Carlos Falcó, 5th Marqués de Griñón, Marqués de Castel-Moncayo and Grande de España, died of coronavirus on March 20th at a hospital in Madrid. He was 83.
A pioneer in Castilla-La Mancha, he always thought that this area boasting the country’s largest surface under vine, could follow the steps of California and Australia. Falcó was a leading advocate of wine culture and wrote several books and articles (Entender de Vino, (Understanding Wine) is on its 13th edition). His curious, restless mind led him to travel and learn from experts in his quest to place Spanish products, notably wine and olive oil, among the best worldwide.
A classmate of King Juan Carlos I, he was a multifaceted man who was involved in numerous activities. Falcó was co-founder of Club Siglo XXI and president of the Fortuny luxury-focused association. In the wine industry, he enjoyed a reputation as a cultured, generous and infectiously optimistic person with a passion for the land. “Wine is a way of living, it is passion and roots,” he said in an interview in 2011. His hobbies included history, gardening, travelling and classical music.
Most Spaniards will remember Carlos Falcó as the former husband of Isabel Preysler, the queen of celebrity magazines in Spain -their daughter, Tamara Falcó, also appears regularly on gossip media. Falcó had four additional children from two other marriages. His daughter Xandra, born from his first marriage to Jeannine Girod, was the only one to follow his steps in wine and worked with him at the family winery Dominio de Valdepusa until 2018.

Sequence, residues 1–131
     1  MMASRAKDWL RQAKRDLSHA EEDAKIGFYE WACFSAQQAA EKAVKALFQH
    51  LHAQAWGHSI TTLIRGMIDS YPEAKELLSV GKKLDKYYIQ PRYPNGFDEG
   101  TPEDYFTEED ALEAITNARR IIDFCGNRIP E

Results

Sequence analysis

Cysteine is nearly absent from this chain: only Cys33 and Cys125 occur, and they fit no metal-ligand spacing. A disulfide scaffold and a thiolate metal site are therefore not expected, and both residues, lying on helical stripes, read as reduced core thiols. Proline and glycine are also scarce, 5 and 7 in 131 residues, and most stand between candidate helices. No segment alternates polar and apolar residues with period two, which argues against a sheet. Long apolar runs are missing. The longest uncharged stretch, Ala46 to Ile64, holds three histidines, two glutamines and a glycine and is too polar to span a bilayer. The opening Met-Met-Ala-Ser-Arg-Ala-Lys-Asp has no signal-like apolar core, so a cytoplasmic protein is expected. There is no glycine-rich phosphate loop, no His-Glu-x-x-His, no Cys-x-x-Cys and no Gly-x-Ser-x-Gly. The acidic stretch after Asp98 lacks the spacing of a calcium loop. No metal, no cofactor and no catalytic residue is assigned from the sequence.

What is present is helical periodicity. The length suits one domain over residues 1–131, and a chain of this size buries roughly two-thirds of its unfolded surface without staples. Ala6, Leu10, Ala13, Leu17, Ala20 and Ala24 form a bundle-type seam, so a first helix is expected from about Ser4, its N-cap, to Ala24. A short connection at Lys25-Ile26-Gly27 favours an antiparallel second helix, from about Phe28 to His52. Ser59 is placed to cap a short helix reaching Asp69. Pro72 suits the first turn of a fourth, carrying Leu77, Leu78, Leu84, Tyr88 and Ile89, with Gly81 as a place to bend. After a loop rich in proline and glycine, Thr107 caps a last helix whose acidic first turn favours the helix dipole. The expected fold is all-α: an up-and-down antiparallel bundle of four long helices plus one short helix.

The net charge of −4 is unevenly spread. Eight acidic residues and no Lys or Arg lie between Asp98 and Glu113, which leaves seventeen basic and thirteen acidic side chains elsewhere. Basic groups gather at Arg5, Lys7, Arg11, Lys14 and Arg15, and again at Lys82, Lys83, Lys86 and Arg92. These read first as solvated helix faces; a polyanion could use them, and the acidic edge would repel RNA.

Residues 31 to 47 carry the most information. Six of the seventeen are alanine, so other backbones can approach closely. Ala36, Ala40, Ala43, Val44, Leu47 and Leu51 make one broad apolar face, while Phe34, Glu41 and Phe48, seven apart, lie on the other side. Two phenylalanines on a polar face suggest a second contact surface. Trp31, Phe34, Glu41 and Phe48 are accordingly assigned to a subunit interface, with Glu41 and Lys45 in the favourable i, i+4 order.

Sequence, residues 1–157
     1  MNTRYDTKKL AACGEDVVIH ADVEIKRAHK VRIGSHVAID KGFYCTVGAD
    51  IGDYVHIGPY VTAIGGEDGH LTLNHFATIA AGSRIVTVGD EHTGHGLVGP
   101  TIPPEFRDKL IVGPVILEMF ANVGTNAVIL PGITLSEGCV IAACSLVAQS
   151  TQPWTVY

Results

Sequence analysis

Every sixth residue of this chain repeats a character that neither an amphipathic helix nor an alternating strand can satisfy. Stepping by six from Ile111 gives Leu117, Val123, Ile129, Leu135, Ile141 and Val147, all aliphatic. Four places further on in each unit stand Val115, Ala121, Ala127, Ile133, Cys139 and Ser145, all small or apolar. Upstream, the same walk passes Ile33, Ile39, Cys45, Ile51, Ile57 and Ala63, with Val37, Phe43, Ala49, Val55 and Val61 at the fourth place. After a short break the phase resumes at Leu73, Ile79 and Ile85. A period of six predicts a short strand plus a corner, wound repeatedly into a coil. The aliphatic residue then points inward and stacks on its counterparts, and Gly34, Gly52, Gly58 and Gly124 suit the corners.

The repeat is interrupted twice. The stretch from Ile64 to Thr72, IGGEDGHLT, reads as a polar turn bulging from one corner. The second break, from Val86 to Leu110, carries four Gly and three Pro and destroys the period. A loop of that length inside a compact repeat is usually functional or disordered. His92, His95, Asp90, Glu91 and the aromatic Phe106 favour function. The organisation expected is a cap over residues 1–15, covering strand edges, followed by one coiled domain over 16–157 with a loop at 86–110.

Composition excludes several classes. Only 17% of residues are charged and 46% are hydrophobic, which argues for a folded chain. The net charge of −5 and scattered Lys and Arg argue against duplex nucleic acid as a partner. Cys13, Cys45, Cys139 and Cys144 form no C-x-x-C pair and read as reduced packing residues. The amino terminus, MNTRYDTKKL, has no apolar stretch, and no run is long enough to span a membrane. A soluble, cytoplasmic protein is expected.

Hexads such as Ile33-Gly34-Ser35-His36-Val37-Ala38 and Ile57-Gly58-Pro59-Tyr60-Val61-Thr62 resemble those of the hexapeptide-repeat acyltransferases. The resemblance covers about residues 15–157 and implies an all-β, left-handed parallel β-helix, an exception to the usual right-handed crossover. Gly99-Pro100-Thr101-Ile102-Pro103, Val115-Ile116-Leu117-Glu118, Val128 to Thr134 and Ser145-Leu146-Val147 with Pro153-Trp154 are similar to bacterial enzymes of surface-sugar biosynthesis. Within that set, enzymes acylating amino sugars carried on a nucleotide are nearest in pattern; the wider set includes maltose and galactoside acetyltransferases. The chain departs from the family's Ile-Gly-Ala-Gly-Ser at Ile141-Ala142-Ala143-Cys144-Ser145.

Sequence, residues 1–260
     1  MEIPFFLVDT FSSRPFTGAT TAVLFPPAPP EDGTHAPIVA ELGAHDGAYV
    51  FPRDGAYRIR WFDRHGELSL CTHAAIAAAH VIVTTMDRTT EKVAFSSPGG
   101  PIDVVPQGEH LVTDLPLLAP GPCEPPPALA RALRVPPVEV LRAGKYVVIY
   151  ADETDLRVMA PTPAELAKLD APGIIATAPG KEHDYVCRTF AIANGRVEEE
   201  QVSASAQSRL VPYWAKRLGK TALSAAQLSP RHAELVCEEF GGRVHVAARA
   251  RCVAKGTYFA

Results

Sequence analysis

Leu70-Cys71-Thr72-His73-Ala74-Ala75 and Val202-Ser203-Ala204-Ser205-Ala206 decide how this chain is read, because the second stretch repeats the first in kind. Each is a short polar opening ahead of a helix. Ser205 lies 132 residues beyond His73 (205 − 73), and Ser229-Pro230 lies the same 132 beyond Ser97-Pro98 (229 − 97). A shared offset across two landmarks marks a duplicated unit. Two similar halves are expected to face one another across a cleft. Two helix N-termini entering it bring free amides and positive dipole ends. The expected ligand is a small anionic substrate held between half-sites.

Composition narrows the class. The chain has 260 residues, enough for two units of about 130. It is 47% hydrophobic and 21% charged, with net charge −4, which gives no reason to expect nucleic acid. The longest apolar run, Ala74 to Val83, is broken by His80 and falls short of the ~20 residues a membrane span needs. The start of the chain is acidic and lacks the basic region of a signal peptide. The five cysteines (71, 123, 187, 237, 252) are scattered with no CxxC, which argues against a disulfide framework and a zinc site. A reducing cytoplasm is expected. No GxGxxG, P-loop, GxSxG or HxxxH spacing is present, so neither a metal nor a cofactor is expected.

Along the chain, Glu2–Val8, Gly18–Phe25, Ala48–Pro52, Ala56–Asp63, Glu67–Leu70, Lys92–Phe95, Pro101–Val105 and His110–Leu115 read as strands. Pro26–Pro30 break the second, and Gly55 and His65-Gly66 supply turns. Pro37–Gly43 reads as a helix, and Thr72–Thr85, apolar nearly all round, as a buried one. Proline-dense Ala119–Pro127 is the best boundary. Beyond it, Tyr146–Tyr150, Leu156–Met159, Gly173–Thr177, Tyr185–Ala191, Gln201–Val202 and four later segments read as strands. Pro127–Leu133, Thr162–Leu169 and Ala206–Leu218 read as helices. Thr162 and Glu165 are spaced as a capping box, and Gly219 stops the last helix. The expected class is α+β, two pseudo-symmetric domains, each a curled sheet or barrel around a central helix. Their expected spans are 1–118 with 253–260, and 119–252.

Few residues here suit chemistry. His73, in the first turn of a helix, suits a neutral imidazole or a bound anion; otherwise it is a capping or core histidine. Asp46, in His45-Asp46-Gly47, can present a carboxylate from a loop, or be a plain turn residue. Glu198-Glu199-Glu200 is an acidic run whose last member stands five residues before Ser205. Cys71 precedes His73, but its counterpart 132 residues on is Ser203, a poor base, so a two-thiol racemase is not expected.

Born in Seville in 1937, Falcó got interested in wine while studying agricultural engineering. He completed his studies at the University of Davis in California, where he discovered Mediterranean-style cabernets and New World viticulture and winemaking techniques. Ten years after returning to Spain in 1964, Falcó put into practice what he had learned in the United States and planted the first Cabernet Sauvignon vines at Dominio de Valdepusa in Malpica del Tajo (Toledo, Central Spain), the family property. “Unorthodox practices like trellised vines, drip irrigation and even foreign grape varieties were forbidden at the time,” he told journalist José Peñín in 2004 when his wine magazine Sibaritas crowned him as Man of the Year.
Carlos Falcó had sweet childhood memories of the ancient underground cellar with clay jars where Garnacha wines were produced. This property had remained in the hands of the family since 1292. Bulk wine and olive oil had always been produced there, but he wanted to shift to bottled, high-quality produce.
It wasn’t easy to work in an area with a reputation for low quality wines. As José Peñín noted in his article, “the best-selling wine in the Marqués de Griñón range at the end of the 1980s was a Rueda he made with local winemaker Antonio Sanz rather than the ones he produced in his property in Toledo.” Later on, a shareholder agreement with the Arco group allowed Falcó to promote the Valdepusa wines while developing a range of wines under the Marqués de Griñón brand.
In the early 1990s Carlos Falcó pioneered Syrah and Petit Verdot plantings in Spain. Ten years later, his Syrah was always present in tastings of this grape variety organized by international wine magazines. His Petit Verdot also left its mark in the wine industry in Spain. In 2006, the Syrah was chosen to feature in the first tasting of Spanish wines organized by Wine Spectator on the occasion of the Wine Experience held in San Francisco.